Saturday, November 21, 2015

Ronnie Earl - Father's Day

Ronnie Earl has becoming somewhat prolific the past few years on the recording front and his latest album with his band, The Broadcasters, "Father's Day" is on Stony Plain. He is backed by Lorne Entess on drums, Dave Limina on keys and Jim Mouradian on bass with vocalists Diana Blue and Michael Ledbetter enlivening a number of tracks. Blue has been on recent recordings by Earl, while Ledbetter (a distant relative of Leadbelly) is best known for his role with Nick Moss' excellent band. This group is augmented by saxophones and guitar.

The title refers in part to Ronnie's reconciliation with his own father, but also indirectly relates to his rendition of a number of songs associated with a couple of his deep musical influences, Otis Rush and Magic Sam. Ledbetter handles many of the vocals here including a couple of covers of Rush numbers, "It Takes Time" and "Right Place Wrong Time," both of which are in the vein of Rush's recordings. Earl's original, "Higher Love" is a strong shuffle with horns adding to its flavor, a first-rate vocal duet between Ledbetter and Diane Blue, while Earl comes across as a cross between Rush and Kenny Burrell here.

Blue provides a nice vocal on Magic Sam's "What Have I Done Wrong" and if Earl's chording evokes Sam's original, his playing is more like Rush interpreting Sam. There is spectacular string-bending on this. Similar comments could directed on the rendition of "Every Night About This Time," a Magic Sam adaptation of Fats Domino's song with Ledbetter forcefully delivering the lyrics. Earl and Ledbetter co-authored the title track with its lyrics of making peace and forgiveness. Ledbetter's vocal and Earl's biting guitar make for a most moving performance. A brooding version of Brook Benton's "I'll Take Care of You" features more stunning guitar as well as Diane Blue's soulful vocal.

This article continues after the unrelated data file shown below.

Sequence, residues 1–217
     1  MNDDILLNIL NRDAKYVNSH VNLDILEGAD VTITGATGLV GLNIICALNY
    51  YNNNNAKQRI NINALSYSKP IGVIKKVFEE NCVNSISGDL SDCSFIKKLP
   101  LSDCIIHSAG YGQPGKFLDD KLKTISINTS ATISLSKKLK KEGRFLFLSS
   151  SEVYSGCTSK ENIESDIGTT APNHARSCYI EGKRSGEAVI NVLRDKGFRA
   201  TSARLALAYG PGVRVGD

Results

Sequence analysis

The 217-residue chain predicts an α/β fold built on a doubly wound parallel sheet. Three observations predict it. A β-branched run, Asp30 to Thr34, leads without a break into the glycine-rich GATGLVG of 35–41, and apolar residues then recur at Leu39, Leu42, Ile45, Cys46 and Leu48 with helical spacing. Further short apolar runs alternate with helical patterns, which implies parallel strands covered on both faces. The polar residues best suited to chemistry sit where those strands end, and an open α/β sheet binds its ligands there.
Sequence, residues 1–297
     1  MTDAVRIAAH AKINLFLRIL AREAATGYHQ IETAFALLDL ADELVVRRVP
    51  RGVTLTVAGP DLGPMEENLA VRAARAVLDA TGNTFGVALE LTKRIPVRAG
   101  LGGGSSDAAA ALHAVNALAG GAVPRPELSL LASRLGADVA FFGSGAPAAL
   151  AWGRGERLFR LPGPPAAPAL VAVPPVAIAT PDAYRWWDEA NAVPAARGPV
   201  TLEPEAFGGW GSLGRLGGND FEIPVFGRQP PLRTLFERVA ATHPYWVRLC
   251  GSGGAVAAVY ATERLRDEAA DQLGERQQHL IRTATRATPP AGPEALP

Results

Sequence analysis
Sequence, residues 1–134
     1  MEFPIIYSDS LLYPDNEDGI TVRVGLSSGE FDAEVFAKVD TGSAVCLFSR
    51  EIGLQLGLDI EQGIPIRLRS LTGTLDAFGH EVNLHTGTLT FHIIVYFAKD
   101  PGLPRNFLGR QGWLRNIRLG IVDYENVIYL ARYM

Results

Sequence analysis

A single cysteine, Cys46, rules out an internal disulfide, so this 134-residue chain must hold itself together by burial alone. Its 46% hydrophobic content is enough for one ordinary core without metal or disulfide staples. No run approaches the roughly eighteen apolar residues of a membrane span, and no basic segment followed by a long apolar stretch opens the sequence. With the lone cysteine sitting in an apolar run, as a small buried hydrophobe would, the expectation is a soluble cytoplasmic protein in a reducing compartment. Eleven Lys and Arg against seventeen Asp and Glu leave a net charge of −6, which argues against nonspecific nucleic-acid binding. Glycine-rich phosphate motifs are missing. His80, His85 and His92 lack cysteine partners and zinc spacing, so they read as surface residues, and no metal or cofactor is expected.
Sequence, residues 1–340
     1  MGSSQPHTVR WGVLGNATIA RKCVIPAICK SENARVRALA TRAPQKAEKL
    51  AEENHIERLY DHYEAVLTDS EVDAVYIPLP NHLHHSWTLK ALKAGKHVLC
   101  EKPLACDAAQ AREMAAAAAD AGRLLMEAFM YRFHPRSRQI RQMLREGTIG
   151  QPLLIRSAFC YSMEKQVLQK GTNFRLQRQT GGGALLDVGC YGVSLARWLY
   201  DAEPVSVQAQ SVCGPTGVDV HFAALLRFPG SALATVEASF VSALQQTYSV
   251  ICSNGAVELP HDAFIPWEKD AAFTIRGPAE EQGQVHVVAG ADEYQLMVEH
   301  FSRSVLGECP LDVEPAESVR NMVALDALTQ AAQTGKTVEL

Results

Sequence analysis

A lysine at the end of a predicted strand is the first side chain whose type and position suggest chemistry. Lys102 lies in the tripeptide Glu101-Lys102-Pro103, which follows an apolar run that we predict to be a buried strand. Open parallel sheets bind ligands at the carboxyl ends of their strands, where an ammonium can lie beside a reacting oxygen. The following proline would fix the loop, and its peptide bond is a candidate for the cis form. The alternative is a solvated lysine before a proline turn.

Bobby Timmons' "Moanin'" is a tip to Earl's jazz interests, followed by Ledbetter's vocal on "All Your Love," before closing as Diane Blue takes to church on Georgia Tom Dorsey's classic "Precious Lord." Earl is stunning, oft spectacular and the Broadcasters are typically in excellent form as they provide the apt, never rushed or frantic, backing. Limina's keyboards are especially worth saluting with a few choice organ solos, while guitarist Nicholas Tabarias solos on two of the 13 songs. In contrast to most his recent recordings which have been instrumentally focused, "Father's Day," showcases Earl accompanying two excellent vocalists for a wonderful recording for fans of various blues flavors.

I received my review copy from a publicist. This review appeared in slightly different form in the September-October 2015 Jazz & Blues Report (Issue 362). Here Ronnie Earl & The Broadcasters perform "Blues For Otis Rush."

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